20/05/2009

Dialogue of the deaf at the White House

« Agree to disagree » analysed the Yediot Aharonot after the meeting held on Monday between B. Obama and B. Netanyahu at the White House. Indeed, the two men appear to have conducted a dialogue of the deaf. And that’s for good reasons since the leaders addressed the Iran issue in two different senses: while B. Netanyahu advocates for instantaneous sanctions, B. Obama tries first to isolate Iran before focusing on Tehran. Therefore, he needs to rely on the Arab States and « fix » the Palestinian question.

However this blockage takes place while on May 26th and 28th Hosni Mubarak and Mahmoud Abbas will be welcome by B. Obama in Washington. The lack of progress on the Palestinian question after Monday meeting will complicate these planned discussions, and the horizon of a possible new U.S. peace proposal in June in Cairo seems to be compromised.

This new episode of American-Israeli relations reminded the media, despite important differences, of the 1996 visit of B. Netanyahu to the U.S. president, Bill Clinton. 13 years ago, B. Netanyahu had violently criticized the Oslo Agreements, which had exasperated the Democrat president. This week, after G.W. Bush’ two mandates during which US-Israeli relations have never been better, it is an Israeli leader aware of B. Obama’s goals but decided to stick to his positions who arrived in Washington.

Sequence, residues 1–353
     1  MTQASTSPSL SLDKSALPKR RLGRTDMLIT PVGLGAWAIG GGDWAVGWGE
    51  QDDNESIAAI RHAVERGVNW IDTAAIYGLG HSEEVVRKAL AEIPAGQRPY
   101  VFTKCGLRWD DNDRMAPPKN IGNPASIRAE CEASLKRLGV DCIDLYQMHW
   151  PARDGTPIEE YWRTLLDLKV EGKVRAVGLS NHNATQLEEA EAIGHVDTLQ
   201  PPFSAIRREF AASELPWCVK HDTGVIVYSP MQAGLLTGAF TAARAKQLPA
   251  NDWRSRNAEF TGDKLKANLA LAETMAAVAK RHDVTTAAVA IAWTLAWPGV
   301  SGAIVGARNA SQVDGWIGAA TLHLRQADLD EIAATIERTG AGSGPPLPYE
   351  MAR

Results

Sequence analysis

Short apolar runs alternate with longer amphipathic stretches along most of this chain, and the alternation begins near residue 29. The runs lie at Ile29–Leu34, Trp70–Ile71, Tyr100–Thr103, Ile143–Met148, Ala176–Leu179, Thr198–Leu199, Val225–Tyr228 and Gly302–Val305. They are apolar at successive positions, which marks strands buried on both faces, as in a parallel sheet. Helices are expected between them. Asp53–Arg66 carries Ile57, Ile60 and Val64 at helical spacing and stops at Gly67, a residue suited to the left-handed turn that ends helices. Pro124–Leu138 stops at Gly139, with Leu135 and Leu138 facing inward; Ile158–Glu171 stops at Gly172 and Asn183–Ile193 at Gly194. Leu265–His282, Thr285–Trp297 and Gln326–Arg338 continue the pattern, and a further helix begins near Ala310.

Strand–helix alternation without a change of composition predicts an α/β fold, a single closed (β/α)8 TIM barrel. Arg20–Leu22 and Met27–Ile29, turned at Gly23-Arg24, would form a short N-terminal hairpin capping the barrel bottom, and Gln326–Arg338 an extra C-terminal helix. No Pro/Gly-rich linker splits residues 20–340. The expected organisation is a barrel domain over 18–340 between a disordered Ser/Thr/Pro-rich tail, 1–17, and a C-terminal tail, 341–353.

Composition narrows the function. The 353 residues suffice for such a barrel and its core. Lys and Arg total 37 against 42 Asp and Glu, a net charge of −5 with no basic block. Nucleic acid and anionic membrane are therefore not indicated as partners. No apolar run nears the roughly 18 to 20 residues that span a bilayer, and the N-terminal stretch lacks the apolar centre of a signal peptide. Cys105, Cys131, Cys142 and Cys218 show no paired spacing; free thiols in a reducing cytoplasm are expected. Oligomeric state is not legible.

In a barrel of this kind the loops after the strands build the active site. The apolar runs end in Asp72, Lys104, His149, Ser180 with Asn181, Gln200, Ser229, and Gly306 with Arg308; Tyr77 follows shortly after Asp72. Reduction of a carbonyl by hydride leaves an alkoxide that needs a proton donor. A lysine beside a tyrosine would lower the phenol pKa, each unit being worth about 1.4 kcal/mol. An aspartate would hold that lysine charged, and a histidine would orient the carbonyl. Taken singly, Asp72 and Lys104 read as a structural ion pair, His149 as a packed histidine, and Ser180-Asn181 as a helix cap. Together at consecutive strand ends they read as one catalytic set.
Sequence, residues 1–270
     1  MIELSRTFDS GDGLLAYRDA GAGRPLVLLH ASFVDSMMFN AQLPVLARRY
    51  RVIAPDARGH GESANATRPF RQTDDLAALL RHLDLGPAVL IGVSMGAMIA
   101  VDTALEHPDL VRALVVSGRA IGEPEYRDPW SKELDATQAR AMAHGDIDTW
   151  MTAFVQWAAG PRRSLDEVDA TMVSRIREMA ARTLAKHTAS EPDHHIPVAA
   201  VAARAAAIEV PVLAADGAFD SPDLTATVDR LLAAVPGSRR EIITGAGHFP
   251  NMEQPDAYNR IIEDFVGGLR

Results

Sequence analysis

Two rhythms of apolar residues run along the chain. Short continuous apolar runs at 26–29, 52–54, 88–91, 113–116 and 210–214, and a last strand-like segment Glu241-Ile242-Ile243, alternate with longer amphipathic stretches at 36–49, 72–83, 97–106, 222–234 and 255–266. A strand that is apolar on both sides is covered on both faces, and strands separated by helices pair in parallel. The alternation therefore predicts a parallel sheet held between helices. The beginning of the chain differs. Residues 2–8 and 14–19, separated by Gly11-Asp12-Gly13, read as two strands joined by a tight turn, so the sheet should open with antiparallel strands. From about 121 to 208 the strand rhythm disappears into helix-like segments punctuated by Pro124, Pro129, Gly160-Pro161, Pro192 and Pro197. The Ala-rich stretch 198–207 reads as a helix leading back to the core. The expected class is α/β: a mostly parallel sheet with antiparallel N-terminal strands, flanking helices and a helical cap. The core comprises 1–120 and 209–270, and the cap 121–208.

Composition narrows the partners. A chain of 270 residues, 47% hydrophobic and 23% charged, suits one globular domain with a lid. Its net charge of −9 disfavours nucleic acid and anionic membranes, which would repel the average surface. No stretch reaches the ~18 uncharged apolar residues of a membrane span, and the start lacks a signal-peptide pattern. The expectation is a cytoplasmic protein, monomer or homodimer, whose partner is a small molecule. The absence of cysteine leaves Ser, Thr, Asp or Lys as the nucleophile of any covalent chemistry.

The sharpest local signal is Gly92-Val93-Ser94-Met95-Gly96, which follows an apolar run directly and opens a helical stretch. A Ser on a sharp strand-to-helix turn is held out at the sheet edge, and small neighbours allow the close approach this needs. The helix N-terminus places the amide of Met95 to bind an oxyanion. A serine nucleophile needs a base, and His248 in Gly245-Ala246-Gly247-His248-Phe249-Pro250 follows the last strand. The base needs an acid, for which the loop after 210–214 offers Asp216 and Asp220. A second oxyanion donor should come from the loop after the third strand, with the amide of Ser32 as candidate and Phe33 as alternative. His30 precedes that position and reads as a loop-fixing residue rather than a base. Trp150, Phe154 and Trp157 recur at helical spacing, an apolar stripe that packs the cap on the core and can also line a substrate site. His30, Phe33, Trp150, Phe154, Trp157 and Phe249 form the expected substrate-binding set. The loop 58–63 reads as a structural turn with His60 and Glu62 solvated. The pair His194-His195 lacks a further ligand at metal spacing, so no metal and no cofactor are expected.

Indeed, Obama’s position on Israel shows core differences with his predecessor’s, who was an unconditional support of Israel whatever the government. First, Obama reiterated that the freezing of settlements is urgent. Then he called for the two-States solution. On this issue, it is unclear if the new president will dare proposing to his Israeli counterpart to re-examine the 2000/2001 protocol of Taba that determined maps of the two future states. Moreover, if the U.S. Congress still includes Hamas in terrorist organizations, Obama’s administration is ready to help a Palestinian government of national unity that would include Hamas. Finally, the United-States have reiterated their desire to see Israel ratifying the Nuclear Non-Proliferation Treaty that would require the Hebrew state to dismantle its nuclear facilities, even if it is currently not expectable.

Are we then witnessing a turning point in the US-Israeli relations? Will B. Netanyahu’s government, weakened by a lowered U.S. support, feel forced to more moderation? It should first be recalled that B. Obama has been firm but did not commit too much during this meeting. Besides, such expectations do not take into account the Israeli tropism the majority of the American political class shows, Democrats included. Furthermore, B. Netanyahu has shown that he was able to remain deaf to American criticism. However, feeling somewhat « dropped » by B. Obama, the Israeli political class as the public opinion could look for more restraint.

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